Asakusa Engei Hall
Asakusa Engei Hall is famous for rakugo (“fallen words”), a comical form of one-man storytelling through a dialogue of two characters. While the cultural references involved in the storytelling mean that near-native Japanese language skills are a must, Engei Hall does offer other performances that tourists can enjoy (e.g. magic shows).
Asakusa Culture and Tourism Center
An excellent tourist information center for the Asakusa area. The top floor is also an observation deck which provides superb views of Nakamise and Sensoji Temple. On the ground floor near the information desk you can also find all of Taito Ward excellent tourist maps for Asakusa and other areas of the ward such as Ueno and Yanaka.
One of the most important Shinto shrines in the country. Asakusa Shrine stands in the east of Sensoji Temple and was built in honor of the three men who founded the famous temple. The Sanja Matsuri, one of Tokyo’s three major festivals, is held in May each year to celebrates these three men.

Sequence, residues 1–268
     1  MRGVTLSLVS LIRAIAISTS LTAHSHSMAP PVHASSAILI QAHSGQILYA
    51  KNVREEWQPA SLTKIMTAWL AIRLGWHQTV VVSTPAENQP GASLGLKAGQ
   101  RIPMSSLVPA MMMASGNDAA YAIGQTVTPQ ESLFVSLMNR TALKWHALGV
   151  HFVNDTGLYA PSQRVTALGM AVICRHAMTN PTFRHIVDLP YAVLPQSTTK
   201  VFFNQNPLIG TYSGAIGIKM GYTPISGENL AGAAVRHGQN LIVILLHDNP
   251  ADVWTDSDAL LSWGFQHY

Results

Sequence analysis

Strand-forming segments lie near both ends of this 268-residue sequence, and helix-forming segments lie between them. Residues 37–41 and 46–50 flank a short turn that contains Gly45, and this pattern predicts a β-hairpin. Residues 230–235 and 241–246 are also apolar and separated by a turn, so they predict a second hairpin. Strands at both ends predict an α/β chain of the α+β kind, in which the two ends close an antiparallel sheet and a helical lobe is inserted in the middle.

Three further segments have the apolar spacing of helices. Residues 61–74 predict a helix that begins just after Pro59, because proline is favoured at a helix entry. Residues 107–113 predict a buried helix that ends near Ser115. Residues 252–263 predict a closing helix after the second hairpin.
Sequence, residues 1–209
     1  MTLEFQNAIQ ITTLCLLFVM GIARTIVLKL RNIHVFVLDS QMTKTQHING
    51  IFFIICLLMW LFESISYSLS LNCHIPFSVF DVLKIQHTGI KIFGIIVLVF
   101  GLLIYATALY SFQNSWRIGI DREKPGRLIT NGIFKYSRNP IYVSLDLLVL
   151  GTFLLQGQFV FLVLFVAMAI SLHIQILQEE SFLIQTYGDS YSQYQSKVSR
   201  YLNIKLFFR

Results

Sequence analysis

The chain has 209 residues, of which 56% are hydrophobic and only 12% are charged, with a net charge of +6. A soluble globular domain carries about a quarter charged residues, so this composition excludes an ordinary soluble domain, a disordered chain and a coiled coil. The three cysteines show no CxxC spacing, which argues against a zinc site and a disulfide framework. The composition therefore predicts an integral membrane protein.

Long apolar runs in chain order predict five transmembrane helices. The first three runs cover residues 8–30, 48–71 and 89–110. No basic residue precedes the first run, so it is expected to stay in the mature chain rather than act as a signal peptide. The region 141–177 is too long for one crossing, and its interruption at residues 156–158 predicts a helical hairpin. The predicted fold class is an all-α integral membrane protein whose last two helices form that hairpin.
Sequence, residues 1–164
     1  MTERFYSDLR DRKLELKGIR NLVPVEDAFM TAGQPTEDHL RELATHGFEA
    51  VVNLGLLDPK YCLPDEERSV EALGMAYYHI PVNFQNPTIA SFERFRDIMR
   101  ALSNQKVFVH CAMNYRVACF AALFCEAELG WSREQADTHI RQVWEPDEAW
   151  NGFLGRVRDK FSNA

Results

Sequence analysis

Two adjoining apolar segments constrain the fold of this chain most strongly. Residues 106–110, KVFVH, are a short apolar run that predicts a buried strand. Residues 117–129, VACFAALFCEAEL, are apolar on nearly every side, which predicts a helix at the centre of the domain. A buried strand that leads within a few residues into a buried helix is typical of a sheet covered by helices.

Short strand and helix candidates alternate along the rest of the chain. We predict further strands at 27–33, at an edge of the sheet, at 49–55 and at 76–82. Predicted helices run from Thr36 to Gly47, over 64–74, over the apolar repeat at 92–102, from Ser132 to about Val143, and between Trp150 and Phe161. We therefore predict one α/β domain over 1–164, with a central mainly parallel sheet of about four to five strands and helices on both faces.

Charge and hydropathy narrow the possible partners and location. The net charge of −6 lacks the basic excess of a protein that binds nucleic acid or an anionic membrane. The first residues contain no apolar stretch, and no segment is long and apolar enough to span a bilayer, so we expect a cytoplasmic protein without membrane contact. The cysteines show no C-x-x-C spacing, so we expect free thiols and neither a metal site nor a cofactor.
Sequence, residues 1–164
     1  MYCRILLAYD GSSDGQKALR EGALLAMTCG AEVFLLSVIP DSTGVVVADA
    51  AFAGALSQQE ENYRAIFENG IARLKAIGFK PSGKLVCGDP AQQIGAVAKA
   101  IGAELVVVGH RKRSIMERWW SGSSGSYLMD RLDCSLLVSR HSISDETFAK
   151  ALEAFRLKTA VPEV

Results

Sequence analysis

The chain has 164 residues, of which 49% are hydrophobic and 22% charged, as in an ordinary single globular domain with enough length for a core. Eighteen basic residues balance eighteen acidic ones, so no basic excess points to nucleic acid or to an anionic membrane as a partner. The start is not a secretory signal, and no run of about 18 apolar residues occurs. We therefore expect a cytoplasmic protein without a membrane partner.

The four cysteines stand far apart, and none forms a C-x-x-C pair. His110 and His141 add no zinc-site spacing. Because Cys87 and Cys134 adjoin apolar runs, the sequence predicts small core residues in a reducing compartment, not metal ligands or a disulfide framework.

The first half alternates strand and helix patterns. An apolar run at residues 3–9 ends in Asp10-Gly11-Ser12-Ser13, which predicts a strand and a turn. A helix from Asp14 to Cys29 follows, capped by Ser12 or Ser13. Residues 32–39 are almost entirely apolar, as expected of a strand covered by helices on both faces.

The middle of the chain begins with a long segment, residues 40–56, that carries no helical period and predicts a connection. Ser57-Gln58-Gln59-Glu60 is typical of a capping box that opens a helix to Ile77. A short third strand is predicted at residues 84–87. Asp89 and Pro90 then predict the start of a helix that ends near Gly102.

Magnificent inner entrance to Sensoji at south end of the Nakamise shopping street. The original gate was built in 942 but was destroyed by fire in 1631 and then again in 1945 in the Tokyo air raids, having stood for over 300 years. The structure you see today was built in 1964. The statues either side of the gate’s southern face are guardians of the Buddha.
Kaminarimon (“Thunder Gate”) is the protector of Sensoji Temple. Fujin, the god of wind, and Raijin, the god of thunder, are enshrined on the east and west side of the gate, respectively. Pass under the gate and make your way up Nakamise. As you do, be sure to look up to see the wooden carving under the large red lantern.